Adjusting white balance in camera.
A good first step is accounting for white balance in your camera settings. “With white balance, you’re matching the camera to the light source,” says photographer Grace Rivera. Most newer DSLR cameras have powerful automatic white balance (AWB) functions. But if you want to explore custom settings, manual white balance adjustments are also an option; you can choose a setting depending on your light source. “If it’s cloudy, there’s a cloudy day setting. If you’re shooting in bright sunlight, there’s a setting for that,” says Rivera. “You can adjust based on where you are. But I usually use auto white balance and then adjust things in editing after.”
To achieve good in-camera white balance when shooting, consider these factors:
Shoot in the RAW file format.
Putting your camera on the RAW file setting before you shoot is important for post-processing flexibility. This file format preserves all the image data that’s recorded by your camera’s sensor. “RAW allows you to adjust the white balance in post-production effectively,” says Waltz.
Shooting photos with mismatched sources of light will make it more difficult to edit the white balance in post-production. “Try to get your light sources to match,” says Waltz. “If you have somebody lit with an incandescent bulb sitting next to a window on an overcast day, you’re going to have one half of your photo really warm and the other half really cold. In post, it’s hard to fix that.”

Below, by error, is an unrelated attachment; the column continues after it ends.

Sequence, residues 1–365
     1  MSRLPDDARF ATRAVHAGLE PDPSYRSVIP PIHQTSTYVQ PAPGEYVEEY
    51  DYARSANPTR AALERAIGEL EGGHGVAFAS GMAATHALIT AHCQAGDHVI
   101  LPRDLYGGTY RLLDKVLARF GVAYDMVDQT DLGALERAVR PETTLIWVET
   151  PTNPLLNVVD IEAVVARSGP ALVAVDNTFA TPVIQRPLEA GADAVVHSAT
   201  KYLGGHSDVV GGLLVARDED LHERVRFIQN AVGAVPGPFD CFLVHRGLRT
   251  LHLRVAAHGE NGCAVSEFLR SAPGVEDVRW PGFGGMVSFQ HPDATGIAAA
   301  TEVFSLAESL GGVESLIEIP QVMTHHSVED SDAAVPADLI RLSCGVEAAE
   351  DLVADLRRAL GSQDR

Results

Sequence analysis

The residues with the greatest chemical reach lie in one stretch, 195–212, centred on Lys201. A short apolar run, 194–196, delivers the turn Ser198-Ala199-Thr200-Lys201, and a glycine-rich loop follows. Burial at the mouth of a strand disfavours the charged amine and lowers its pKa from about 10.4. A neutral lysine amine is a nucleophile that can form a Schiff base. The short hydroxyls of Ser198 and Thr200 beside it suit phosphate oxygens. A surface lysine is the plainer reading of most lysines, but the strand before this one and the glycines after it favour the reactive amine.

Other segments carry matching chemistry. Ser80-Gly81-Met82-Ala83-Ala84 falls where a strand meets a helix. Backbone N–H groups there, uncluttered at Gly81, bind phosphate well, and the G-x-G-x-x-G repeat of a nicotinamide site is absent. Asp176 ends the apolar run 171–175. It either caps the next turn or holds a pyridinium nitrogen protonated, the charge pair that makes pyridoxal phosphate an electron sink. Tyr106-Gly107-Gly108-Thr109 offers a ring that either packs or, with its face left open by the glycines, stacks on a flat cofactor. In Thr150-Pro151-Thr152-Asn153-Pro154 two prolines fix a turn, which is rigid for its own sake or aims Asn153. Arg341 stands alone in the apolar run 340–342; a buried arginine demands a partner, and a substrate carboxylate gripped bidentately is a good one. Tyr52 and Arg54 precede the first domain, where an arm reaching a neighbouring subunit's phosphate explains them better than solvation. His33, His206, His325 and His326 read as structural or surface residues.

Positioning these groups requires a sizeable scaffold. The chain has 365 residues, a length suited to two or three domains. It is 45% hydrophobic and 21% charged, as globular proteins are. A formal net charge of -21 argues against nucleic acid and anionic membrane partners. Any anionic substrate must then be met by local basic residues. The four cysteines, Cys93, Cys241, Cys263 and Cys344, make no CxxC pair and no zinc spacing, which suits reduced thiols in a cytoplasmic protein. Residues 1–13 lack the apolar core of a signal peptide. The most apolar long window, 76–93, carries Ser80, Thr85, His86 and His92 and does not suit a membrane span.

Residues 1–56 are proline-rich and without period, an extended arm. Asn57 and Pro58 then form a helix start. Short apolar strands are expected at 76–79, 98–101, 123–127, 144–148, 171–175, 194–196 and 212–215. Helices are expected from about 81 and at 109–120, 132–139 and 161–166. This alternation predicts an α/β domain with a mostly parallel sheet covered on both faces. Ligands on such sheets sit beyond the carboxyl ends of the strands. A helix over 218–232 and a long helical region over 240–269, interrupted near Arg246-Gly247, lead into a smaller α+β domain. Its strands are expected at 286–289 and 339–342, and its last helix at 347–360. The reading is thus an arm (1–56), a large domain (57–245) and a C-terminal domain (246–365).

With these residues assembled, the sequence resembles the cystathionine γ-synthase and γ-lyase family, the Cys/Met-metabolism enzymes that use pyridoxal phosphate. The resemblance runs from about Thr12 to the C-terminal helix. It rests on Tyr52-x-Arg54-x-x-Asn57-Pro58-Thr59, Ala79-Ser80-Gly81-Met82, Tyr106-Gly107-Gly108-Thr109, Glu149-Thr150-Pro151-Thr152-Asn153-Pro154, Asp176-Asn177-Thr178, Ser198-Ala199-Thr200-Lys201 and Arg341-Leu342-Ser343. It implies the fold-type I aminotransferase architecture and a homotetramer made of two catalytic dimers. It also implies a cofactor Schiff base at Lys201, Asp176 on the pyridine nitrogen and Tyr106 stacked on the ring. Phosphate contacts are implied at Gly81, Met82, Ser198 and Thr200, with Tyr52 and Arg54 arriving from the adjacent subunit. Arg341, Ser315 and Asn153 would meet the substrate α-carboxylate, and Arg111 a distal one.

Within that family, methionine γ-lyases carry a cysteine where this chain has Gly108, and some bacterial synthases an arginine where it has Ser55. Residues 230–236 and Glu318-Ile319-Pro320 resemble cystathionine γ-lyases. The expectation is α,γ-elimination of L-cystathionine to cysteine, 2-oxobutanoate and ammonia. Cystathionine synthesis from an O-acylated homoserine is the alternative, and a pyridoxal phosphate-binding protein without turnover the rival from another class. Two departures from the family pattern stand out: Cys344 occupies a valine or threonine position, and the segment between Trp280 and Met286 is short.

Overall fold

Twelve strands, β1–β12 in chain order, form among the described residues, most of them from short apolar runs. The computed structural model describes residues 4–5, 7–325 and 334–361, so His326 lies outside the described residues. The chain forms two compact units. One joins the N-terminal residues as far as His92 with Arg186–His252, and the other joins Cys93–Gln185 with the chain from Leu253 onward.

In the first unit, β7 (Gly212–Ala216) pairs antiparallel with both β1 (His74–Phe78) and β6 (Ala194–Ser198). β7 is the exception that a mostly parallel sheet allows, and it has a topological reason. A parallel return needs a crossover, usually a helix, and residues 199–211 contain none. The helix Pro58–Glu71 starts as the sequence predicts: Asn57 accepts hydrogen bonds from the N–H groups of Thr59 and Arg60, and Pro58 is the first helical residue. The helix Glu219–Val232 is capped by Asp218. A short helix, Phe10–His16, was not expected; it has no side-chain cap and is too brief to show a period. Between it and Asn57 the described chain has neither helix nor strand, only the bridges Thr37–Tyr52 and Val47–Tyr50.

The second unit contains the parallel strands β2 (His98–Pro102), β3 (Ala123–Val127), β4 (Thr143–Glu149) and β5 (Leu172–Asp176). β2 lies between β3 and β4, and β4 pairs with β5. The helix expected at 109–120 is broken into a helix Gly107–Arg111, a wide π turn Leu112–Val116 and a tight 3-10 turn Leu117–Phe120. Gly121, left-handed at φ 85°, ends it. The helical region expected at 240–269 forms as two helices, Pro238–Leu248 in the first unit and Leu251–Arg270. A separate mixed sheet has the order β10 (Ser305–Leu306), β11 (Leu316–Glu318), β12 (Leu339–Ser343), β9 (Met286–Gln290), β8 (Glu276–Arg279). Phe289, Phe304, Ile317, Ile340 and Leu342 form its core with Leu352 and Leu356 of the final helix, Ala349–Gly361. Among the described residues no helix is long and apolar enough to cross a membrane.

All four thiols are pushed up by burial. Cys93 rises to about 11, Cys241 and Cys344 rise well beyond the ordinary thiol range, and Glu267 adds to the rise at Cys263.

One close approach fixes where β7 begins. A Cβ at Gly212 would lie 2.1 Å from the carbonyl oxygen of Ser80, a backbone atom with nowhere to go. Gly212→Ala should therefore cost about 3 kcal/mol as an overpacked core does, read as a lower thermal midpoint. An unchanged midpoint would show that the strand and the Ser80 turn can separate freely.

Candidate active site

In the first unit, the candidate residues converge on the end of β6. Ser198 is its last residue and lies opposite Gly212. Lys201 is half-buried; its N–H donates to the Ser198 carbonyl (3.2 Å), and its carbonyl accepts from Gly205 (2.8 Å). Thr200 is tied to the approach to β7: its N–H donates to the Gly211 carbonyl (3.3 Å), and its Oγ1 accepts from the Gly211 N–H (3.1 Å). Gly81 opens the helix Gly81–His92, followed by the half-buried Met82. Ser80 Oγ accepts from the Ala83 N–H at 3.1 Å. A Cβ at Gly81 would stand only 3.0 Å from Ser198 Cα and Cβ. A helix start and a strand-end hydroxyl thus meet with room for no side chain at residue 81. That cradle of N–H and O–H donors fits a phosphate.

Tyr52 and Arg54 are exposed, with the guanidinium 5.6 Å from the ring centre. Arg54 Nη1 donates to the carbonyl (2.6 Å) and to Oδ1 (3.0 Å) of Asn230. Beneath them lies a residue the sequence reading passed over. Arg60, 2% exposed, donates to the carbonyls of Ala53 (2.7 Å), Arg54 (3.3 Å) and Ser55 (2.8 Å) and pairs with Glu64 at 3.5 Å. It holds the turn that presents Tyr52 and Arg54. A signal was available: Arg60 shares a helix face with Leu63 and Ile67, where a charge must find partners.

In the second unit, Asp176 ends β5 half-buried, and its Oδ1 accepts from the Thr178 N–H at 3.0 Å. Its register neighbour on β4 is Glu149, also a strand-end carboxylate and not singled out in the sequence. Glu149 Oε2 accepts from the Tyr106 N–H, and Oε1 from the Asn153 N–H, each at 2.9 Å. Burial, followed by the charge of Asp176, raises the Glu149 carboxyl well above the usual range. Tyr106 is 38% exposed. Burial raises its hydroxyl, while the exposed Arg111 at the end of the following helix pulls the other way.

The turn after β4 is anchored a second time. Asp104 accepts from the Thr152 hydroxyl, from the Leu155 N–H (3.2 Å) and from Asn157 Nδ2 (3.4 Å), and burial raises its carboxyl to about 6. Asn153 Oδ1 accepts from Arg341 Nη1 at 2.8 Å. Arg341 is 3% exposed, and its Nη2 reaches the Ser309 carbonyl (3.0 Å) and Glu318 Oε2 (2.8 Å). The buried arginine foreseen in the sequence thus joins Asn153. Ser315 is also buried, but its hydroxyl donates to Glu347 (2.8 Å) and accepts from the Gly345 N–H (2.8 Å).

A gray card is a square of material specifically shaded at 18 percent gray. This tool helps you find a perfect white balance for scenarios where being exact is the ultimate goal, like product photography or food photography. To set white balance using a gray card, take a shot with the card filling the entire frame. Then go to your camera’s menu, select the option to set a custom white balance, and set it by choosing your photo of the gray card. You can also use shots of your gray card to help fix your white balance in post-production.
There are situations where a skewed color temperature works in your favor. “Say you’re shooting in a dimly lit bar or restaurant. That’s the type of thing where you want to convey that mood. You may want to preserve the color of the ambient light rather than correct it,” says Rivera. “Or say you’re shooting a sunset. An intrinsic part of the picture is the warm light of the sun. You wouldn’t want to auto correct it, because it would turn everything blue.”
Share this article